andreas: I didn't use a region.

courtney: Then you have to repeat it.

andreas: So that's positioning. We can define the position of the box from the left of the video frame, with 10%, using position:10% align:left
... The align setting is important. It works very differently than in TTML e.g. if you set align:middle and position:10% then the reference point for the middle isn't the cue
... start but is the middle of the cue.
... So to centre the text then you have position:50% align:middle
... For vertical alignment it's a bit trickier. To come 10% up from the bottom you can set line:90% or a line number value.
... But this doesn't align the end of the cue box, but aligns the top of the cue box. So that doesn't work.
... What you actually need is position:100% - margin - height of cue-box.
... That works if you have a lot of control over the font height and can calculate the position this way.
... In most cases that's a bit risky. So then I changed to the other possibility, to use line alignment
... The first line in the cue generates the line grid, then you can position the cue box with positive line numbers from the top
... or negative line numbers starting from -1 from the bottom.
... [example shows text one line up from bottom]
... You have to have the snap to lines flag set - this happens automatically if you use line numbers.
... For one line you can have line:-2, or for a two line subtitle, line:-3. Needs a bit of calculation.
... A dirty trick possibly is always to set it to -1 and let the renderer push it up. Possibly this is not recommended but it may work.
... Styling:
... In EBU-TT-BasicDE there's a default style defined once in the head, and a div element that references the defaultStyle.
... In WebVTT you can define a general cue selector ::cue and use almost the same property names and values.
... For font-size some calculation is needed. 60% font size in TTML comes out at 5.33% of the height of the video, which is 100% in CSS.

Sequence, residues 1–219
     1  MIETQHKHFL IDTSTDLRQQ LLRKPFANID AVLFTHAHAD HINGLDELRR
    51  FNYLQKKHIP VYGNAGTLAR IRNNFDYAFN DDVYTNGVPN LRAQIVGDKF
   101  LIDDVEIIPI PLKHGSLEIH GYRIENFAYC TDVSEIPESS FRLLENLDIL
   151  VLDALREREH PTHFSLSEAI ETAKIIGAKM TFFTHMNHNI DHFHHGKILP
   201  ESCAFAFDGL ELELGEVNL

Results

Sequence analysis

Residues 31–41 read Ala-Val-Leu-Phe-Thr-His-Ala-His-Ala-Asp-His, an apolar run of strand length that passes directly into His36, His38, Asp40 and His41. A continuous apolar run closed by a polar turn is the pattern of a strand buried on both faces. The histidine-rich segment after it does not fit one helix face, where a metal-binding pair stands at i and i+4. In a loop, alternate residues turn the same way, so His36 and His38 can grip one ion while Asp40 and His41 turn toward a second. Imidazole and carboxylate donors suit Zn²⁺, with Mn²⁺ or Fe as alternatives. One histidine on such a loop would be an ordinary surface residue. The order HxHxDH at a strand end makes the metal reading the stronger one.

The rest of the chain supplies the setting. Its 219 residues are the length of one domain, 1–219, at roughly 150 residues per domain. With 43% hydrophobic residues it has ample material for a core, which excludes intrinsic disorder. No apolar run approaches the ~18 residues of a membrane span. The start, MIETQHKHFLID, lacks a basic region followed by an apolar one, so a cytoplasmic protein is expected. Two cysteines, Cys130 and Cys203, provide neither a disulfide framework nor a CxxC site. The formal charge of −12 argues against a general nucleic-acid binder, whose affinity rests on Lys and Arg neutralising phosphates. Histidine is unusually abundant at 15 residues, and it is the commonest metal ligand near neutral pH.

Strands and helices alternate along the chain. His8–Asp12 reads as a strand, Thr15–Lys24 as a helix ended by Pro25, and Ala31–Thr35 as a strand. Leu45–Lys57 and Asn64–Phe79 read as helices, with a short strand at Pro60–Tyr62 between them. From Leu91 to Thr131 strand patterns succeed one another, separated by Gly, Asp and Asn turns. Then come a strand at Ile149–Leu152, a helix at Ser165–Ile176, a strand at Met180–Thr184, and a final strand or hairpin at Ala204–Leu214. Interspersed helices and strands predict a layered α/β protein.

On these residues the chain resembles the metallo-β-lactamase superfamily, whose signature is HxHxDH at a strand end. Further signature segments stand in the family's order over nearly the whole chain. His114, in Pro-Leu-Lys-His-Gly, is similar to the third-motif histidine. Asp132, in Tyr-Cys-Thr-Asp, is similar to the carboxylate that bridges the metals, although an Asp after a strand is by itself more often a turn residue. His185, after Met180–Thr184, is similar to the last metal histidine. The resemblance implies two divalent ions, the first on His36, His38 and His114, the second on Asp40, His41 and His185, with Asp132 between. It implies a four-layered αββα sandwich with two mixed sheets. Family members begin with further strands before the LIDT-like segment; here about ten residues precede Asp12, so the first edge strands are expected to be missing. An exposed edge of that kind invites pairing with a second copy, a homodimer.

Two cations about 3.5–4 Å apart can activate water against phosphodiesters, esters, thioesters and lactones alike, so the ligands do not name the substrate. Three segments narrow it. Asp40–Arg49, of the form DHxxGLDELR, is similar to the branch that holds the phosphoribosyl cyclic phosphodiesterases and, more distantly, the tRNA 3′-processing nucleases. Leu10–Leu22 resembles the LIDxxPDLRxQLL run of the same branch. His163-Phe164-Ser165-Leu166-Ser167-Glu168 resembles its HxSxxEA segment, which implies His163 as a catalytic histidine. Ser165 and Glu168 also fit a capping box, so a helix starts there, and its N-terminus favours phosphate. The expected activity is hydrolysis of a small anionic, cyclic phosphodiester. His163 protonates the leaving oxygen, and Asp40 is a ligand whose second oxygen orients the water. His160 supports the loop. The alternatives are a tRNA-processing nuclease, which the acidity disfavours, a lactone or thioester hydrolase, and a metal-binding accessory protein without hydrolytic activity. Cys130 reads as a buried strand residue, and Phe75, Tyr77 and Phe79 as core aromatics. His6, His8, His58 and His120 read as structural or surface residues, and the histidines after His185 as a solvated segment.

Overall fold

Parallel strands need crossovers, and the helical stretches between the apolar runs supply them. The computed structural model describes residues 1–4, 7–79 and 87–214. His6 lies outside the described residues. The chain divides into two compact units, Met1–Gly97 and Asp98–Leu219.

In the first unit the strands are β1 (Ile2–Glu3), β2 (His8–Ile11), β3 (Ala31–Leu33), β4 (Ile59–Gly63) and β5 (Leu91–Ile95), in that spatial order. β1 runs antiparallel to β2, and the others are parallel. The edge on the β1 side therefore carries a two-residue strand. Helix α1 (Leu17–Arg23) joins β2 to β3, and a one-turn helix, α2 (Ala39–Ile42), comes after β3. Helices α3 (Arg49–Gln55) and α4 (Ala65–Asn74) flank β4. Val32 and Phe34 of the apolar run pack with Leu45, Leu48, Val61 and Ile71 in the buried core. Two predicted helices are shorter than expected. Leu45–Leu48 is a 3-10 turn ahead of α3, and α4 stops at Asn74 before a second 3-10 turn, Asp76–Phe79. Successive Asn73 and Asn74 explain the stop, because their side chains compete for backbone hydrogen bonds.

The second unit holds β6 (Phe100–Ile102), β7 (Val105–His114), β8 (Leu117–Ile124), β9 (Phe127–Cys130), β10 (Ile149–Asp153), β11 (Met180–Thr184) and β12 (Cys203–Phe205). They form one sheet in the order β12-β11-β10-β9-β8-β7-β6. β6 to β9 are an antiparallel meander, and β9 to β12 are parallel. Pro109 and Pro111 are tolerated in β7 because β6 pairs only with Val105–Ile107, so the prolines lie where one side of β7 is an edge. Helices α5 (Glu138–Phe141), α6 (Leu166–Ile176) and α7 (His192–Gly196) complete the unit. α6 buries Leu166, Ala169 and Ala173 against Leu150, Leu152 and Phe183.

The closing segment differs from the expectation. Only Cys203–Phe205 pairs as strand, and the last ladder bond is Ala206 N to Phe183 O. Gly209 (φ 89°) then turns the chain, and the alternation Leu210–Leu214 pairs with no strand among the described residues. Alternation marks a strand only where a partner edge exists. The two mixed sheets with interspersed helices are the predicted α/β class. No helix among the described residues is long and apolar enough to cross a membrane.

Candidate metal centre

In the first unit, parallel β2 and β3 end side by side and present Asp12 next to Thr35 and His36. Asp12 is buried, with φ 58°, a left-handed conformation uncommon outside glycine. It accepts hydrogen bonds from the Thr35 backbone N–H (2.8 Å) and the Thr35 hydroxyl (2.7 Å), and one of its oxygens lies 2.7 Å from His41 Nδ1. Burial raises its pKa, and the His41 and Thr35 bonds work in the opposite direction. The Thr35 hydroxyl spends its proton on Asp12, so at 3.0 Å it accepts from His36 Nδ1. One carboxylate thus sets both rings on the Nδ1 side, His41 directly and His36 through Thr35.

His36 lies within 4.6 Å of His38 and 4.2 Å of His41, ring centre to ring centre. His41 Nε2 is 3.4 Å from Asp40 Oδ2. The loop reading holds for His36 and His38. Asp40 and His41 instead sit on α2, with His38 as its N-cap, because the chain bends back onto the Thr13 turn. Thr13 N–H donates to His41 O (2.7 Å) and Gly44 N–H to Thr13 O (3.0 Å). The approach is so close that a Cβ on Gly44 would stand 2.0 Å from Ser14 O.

... A separate CSS file is needed to contain the ::cue selector.
... For inline styles in TTML we set the colour attributes on a style referenced from a span.
... In CSS you can use the pseudo-selector ::cue(c.textWhite) { color: #ffffff; background-color:rgba(0,0,0,0.7); }
... Then in the VTT c.textWhite cue class
... Timing:
... In TTML put a begin and end on, with media timeBase, reference sync is zero. In EBU-TT-BasicDE the fractional seconds are limited to 3 digits.
... This is the same for WebVTT cues.

pal: What are the rules for CSS styles when combined with locally set rules? Which takes precedence between author and user choices?

courtney: We would consider user choices to override author styles.

pal: If you're displaying it on a web page, then web styles taking over seems like not the right thing to do.

andreas: It's not clear to me how the CSS that applies to the web page interacts with the VTT cues. From testing there's no relationship.
... The video is a separate viewport with independent styling, from my testing anyway.

Cyril: I think that's not expected. I remember that the cues are sourced in the HTML page so the styles should be applied.

andreas: I tried it out in Opera.

zcorpan: The styling was implemented in presto - I'll put together a quick demo and paste the link

andreas: One important point is that we put the background color just behind the text not the box. From what I read there's no possibility
... in WebVTT to put the background only on block level elements, e.g. the whole region/p/div etc.
... It only puts the background behind each glyph. I think there's a WebVTT background box concept but it doesn't seem to apply to the block level.

glenn: So TTML allows the background to be specified on the containing block and possibly differently on the span or the p within the larger block.
... So this example (showing two spans each with its own background color) wouldn't be possible?

andreas: That's right. In Europe both possibilities are in use.
... We need to be aware of this restriction in the mapping.

<zcorpan> http://w3c-test.org/webvtt/rendering/cues-with-video/processing-model/basic.html has styling

zcorpan: This shows how a stylesheet applies to WebVTT cues - the stylesheet is in the HTML page and the cues use those styles
... There's a white video behind it.

pause for 4 minutes, back at 10:33 (CET)

<zcorpan> wrt to the positioning discussion, there are open bugs on the webvtt spec for both changing how positioning works and for adding something that allows for exact positioning. https://www.w3.org/Bugs/Public/buglist.cgi?quicksearch=webvtt%20positioning&list_id=43983

<zcorpan> https://www.w3.org/Bugs/Public/show_bug.cgi?id=25632

nigel: we're reassembling...

courtney: Here's what I've discovered from writing mapping code.
... There's an issue that we don't have an official WebVTT spec yet - we're working off drafts that aren't versioned.
... When Andreas was talking he was using browser supported features. This is causing a bit of an issue. The mapping I've been doing is off the most